By Bethany Broadwell
Kyle Glozier’s passage into adulthood includes plenty of the high points associated with his age. From his high school senior trip to the Cedar Point Amusement Park to his West Greene High School graduation ceremony to his first semester at Temple University, Glozier has learned some extraordinary lessons about the tenacity it takes to secure disability rights in the course of reaching these milestones. Glozier is maturing as an advocate, and his growing realm of experience can only further his leadership skills.
When he spoke at the Democratic National Convention in 2000, Glozier addressed the importance of people with disabilities participating in communities and getting quality educations. “Without money or federal legislation that guarantees services in the community, I may not be able to make my dreams come true,” Glozier informed the spectators. “My future will either be living the American dream just like anyone else, or it could be my nightmare.”
Glozier, who has set his sights on becoming the first United States President with cerebral palsy, was brave enough to testify before the U.S. Congress in 2000 about the absolute necessity of the Americans with Disabilities Act. He was hardly intimidated that celebrity Clint Eastwood, who also owned a public accommodation, had issued a statement opposing the legislation during his testimony.
“It is not right that I should be excluded from some place simply because the owner fails to think about all the people that may visit their place of business,” Glozier countered.
Not long before, during the emotional period following his grandfather’s death in 1999, Glozier had to deal with funeral home steps as an obstacle. The Glozier family used the incident to ask the funeral director to install a lift. Not only did the business owner agree to make changes, he kept his promise and completed the work prior to the family checking on accessibility months later.
Born with athetoid cerebral palsy, Glozier, of New Freeport, Pa., uses a power wheelchair for mobility and a Pathfinder communication device. A personal care attendant assists him seven days a week.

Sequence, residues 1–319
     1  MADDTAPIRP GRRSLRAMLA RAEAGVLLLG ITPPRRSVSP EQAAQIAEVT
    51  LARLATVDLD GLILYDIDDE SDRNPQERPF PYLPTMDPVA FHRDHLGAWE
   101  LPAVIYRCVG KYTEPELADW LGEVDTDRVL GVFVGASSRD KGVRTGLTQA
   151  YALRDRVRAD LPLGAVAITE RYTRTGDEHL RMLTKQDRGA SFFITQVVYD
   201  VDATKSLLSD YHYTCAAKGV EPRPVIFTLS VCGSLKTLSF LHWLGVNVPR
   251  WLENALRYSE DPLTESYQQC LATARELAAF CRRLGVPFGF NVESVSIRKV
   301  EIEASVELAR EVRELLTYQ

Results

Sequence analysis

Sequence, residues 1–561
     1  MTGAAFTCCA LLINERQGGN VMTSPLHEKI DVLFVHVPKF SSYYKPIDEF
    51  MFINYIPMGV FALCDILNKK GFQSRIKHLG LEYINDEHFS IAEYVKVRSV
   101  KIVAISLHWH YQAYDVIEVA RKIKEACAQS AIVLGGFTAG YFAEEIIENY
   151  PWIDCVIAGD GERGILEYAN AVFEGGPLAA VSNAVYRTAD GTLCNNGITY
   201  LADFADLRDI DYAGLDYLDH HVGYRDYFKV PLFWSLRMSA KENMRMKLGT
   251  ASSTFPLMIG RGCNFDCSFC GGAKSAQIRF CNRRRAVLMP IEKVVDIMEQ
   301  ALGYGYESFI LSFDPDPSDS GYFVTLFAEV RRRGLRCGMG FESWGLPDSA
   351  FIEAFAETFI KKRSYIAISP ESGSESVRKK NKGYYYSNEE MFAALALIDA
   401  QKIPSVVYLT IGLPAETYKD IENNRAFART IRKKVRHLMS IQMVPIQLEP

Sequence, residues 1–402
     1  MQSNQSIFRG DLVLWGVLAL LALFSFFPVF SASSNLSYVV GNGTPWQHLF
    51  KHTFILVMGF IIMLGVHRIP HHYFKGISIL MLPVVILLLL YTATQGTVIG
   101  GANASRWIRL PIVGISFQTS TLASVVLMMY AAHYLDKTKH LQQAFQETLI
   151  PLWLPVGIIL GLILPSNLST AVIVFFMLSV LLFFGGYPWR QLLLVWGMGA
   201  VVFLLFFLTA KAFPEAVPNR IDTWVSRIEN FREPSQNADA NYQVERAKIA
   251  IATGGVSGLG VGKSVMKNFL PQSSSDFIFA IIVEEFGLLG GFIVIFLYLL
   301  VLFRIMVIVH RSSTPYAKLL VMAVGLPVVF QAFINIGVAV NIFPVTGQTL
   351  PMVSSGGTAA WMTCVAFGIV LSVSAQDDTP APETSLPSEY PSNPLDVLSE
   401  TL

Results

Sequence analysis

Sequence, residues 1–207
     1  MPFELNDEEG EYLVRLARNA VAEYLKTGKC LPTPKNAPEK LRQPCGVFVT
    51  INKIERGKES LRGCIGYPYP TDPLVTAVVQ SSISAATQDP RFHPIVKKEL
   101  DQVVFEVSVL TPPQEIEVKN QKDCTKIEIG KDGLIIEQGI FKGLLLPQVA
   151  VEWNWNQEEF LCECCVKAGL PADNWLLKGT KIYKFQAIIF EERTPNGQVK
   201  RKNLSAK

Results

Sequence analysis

Because Glozier has taken his physical challenges in stride, he can invigorate young people with disabilities to become more involved in disability rights and to work toward resolution when their civil rights are violated. That mission is one he seems to pursue seriously with the support of his family. According to Glozier, parents must get the resources they need so they can help their children realize a fact he has come to understand: “Disability is just a normal part of life.”
As “normal” as it may be for Glozier, Bob Kafka, a national organizer with ADAPT, explains, “Kyle has grown up with parents who are disability righteous and has been attending ADAPT actions for over a decade.”
Kyle’s dad, Jim Glozier, worked for several years as the assistant director of a center for independent living in Southwest Pennsylvania. He has been an ADAPT organizer for about 10 years. Now, he’s producing documentaries related to the disability rights movement. “We participated in the movement alongside Kyle. We encouraged him to push the envelope,” says the elder Glozier. “Kyle is willing to question authority.”
“My favorite thing to do,” says Kyle, “is practice activism.”
Jim expanded on his son’s passion by sharing Kyle’s insistence that Kafka include the need to provide attendant services for children in the language of the MiCASSA bill. Kyle refused to be satisfied until the detail was addressed.
“Kyle has had to be an advocate for himself, fighting the schools and a system that doesn’t always welcome the inclusion of people with significant disabilities,” says Kafka. “He understands that fighting a lone battle is not enough. You have to join together with others to make the system move in our direction.”
Formal advocacy efforts like organized events are confidence-building opportunities, but routine daily incidents have kept Glozier determined to stay strong for his causes. For instance, during his sixth-grade class trip to the Capitol building in Washington, D.C., the teacher failed to include Glozier in a class picture.
“My teacher didn’t think about my needs and me. That was not only embarrassing, it made me angry, because it violated my civil and human rights as a citizen with a disability,” Glozier says. “I remember looking up at my friends and classmates that were on the second set of stairs. He [the teacher] forgot me at the bottom, not thinking for a second that I couldn’t climb the steps.”